Earlier this year, the state Department of Public Welfare consolidated financial service providers through its Long-Term Living program that issues paychecks to the attendants of those in need of long-term care.
The services are funded with state and federal money through Medicaid. There's nothing sneaky or illegal about them. In most cases, those services are being provided to people who are totally dependent on their caregivers due to a lack of mobility or other serious health issues.
So failure to provide the financial aid is not an option.
Except that's what has been happening since the program switched one payroll provider from Community Resources for Independence to Christian Financial Management of Troy Hill. Some 1,700 personal care attendants experienced payroll delays.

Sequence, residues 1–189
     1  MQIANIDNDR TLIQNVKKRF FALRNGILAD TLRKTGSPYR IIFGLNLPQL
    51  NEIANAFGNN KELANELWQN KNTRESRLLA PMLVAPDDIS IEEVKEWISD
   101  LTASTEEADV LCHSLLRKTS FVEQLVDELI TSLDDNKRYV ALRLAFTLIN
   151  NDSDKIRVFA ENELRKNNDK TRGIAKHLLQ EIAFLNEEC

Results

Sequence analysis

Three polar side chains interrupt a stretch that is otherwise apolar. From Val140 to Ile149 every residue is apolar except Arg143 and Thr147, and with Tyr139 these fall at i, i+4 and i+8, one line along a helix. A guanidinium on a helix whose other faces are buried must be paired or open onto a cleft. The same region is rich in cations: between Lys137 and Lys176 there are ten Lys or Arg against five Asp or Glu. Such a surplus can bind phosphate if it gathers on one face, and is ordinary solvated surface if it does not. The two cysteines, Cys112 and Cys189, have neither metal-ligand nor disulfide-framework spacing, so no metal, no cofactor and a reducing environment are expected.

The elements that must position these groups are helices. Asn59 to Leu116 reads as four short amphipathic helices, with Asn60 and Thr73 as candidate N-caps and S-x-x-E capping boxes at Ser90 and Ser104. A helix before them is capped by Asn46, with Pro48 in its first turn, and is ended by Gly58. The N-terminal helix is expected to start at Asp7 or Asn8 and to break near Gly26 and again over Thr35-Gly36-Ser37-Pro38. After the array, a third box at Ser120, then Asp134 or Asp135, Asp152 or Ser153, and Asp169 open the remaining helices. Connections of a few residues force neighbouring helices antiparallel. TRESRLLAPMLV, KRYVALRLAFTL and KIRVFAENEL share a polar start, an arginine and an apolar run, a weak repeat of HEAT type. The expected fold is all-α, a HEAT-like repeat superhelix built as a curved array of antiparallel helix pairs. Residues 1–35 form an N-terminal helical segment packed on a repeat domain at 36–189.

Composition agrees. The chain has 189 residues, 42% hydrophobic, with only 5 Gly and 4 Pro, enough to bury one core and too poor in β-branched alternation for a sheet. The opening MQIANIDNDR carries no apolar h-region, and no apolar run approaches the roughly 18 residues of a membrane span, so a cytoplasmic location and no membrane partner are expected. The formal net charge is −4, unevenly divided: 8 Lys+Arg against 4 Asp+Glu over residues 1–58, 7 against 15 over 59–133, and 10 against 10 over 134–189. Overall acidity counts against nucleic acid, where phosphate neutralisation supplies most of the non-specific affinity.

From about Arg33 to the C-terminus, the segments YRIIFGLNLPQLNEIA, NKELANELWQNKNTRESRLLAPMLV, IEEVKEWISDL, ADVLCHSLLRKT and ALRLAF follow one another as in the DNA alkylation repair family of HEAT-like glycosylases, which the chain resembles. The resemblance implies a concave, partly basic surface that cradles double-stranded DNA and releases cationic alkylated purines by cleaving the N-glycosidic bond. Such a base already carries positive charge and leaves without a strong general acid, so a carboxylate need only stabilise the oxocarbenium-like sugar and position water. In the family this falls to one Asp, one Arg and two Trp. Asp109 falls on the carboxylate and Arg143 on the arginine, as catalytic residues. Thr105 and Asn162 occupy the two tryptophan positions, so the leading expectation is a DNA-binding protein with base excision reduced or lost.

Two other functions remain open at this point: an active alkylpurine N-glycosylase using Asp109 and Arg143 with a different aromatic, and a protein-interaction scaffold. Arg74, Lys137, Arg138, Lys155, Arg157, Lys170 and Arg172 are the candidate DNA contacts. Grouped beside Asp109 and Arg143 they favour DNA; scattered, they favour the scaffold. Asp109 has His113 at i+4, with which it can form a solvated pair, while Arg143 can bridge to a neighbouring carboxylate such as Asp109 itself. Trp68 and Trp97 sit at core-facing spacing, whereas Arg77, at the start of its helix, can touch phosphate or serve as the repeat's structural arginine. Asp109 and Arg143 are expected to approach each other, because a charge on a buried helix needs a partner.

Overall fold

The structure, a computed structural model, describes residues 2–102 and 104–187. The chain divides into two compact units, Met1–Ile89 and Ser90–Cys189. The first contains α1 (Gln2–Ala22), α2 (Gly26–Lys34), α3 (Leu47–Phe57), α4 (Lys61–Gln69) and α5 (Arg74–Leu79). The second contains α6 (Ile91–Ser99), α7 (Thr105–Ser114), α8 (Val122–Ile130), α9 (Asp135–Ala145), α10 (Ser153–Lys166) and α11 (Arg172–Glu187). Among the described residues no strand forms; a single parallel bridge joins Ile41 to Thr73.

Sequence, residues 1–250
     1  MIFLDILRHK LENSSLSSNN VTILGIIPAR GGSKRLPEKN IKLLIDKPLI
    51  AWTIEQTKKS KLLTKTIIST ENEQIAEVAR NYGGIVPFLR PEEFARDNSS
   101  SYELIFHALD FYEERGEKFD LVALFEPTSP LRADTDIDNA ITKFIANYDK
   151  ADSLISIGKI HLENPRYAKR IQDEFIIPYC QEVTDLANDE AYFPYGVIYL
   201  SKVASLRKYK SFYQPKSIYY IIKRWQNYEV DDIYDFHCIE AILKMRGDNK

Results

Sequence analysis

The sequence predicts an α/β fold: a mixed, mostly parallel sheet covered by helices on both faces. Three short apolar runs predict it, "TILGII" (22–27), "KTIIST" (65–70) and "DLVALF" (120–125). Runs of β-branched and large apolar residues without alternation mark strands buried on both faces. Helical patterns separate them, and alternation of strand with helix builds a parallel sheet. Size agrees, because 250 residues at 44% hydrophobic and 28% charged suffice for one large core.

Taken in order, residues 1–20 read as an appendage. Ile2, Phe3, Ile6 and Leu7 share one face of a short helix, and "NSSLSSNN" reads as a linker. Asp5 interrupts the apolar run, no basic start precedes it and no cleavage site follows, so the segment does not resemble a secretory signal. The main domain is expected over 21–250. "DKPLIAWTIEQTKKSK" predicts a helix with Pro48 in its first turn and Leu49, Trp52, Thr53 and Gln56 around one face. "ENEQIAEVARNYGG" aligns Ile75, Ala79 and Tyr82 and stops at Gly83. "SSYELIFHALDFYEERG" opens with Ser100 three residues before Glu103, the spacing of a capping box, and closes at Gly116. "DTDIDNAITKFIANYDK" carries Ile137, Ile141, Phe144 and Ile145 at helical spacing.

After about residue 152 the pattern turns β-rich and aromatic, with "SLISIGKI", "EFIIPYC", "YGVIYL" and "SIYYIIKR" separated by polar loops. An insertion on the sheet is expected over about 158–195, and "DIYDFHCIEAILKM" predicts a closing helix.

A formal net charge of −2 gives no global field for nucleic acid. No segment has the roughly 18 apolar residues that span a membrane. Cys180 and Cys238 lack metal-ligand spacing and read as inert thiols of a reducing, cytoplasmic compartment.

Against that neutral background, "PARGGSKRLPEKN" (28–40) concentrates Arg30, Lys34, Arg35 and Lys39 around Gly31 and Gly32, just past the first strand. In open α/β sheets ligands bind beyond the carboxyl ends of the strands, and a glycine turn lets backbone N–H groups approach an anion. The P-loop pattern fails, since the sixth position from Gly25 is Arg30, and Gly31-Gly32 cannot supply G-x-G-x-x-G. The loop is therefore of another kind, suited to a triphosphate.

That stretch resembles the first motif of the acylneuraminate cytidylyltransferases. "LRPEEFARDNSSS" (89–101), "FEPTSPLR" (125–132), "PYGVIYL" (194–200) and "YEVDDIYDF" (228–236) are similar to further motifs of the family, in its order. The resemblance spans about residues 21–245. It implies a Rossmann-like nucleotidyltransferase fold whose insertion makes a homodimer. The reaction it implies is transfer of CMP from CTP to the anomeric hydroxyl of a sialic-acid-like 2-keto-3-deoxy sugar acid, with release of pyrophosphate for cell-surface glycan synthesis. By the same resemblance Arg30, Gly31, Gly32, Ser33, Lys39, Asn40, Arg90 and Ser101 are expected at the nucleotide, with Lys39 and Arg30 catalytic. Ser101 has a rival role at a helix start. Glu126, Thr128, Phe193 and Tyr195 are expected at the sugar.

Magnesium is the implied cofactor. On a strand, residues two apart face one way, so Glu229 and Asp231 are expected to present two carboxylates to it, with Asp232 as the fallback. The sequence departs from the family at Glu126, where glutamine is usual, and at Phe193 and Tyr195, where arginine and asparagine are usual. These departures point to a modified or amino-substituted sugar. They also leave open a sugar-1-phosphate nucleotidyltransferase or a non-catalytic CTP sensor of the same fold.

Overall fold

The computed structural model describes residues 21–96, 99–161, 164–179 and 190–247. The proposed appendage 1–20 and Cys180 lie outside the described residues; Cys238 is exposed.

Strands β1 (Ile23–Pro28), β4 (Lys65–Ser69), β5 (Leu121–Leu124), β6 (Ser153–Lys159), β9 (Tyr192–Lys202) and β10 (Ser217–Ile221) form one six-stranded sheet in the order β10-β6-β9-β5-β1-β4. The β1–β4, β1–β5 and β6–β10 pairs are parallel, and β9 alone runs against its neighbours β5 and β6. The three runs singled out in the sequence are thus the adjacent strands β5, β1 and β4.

These attendants help people in need with cooking, getting dressed, shopping, transportation and personal hygiene. While they tend to be the type of people who value the care over their own compensation, they can't be expected to go without pay for two months, which is what has been happening.
Apparently, according to the Office of Long-Term Living, Christian Financial Management was not provided adequate paperwork to expediently process payments for many of the employee/attendants being transferred to them.
While that's an acceptable explanation, the problem should not have taken two months to rectify.
The Office of Long-Term Living needs to make solving this problem a top priority.
These people with legitimate needs and their attendants deserve better.